Safety performance models are commonly used to correlate explanatory variables in the form of geometric, operational, environmental and human characteristics to estimate road accident frequency and severity. Generally these models employ multivariate relationships between variables requiring local calibration. The selection of independent variables normally follows traditional tests of significance but lacks a real test of the ability of each factor to explain the observed response and the nature of the variance-covariance structure. This paper uses principal components analysis and correlation matrices to identify and retain significant factors, find linear codependences and cluster similar explanatory factors. Nonlinear regression methods for safety severity were examined by looking at their ability to develop safety performance functions for a case study of regional highways in New Brunswick. Linear dependency between shoulder and lane width was founded. Lighting and road surface condition were not relevant in explaining accident severity. It was found that vertical alignment, vehicles running of the road and colliding with obstacles and AADT were of intermediate relevance, of high importance; speed, percentage of trucks, intensity of intersections per kilometer, horizontal alignment and type of facility (divided or undivided). A clear cluster of geometric characteristics and another of operational characteristics was observed. The analysis aims to serve as a guide for practitioners in need to develop locally calibrated safety performance functions able to explain locally observed road accidents by severity.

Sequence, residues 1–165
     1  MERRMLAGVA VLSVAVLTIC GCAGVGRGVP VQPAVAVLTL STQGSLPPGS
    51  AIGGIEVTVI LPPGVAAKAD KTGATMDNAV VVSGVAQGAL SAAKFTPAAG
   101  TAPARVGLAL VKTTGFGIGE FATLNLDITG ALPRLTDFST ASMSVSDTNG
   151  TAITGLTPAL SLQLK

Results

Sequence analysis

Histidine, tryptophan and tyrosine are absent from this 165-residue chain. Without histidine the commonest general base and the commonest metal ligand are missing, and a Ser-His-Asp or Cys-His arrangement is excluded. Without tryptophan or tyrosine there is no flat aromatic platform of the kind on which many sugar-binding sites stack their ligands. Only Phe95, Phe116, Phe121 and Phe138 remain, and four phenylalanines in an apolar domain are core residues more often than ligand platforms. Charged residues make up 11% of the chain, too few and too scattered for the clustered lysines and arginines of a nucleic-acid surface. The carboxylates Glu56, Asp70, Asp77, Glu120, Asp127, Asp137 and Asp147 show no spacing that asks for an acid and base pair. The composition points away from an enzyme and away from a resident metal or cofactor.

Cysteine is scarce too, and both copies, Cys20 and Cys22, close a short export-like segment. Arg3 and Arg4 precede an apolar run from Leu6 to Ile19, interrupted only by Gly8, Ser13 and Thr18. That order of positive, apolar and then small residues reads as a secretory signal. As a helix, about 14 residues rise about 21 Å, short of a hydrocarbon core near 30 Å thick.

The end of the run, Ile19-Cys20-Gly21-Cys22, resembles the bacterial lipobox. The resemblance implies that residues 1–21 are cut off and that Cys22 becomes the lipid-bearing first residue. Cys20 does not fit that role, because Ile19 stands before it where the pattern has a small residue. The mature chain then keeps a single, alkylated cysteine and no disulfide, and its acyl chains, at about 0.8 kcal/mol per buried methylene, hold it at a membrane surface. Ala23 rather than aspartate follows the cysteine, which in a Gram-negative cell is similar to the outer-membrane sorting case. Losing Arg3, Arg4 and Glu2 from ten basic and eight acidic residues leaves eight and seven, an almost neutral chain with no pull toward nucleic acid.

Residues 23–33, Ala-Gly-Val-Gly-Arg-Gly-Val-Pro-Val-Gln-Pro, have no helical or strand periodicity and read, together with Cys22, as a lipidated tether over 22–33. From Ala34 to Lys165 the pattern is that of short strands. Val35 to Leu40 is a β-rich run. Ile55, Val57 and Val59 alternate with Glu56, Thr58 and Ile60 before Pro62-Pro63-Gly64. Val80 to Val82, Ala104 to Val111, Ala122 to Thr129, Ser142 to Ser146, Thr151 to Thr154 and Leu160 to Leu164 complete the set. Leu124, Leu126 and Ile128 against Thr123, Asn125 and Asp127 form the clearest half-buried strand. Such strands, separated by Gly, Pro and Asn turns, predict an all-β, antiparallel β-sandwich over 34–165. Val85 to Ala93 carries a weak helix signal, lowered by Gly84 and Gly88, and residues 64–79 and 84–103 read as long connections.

|Published - 26 May 2013
|23rd Canadian Multidisciplinary Road Safety Conference - Montreal, Canada
Duration: 26 May 2013 → 29 May 2013
|23rd Canadian Multidisciplinary Road Safety Conference
|26/05/13 → 29/05/13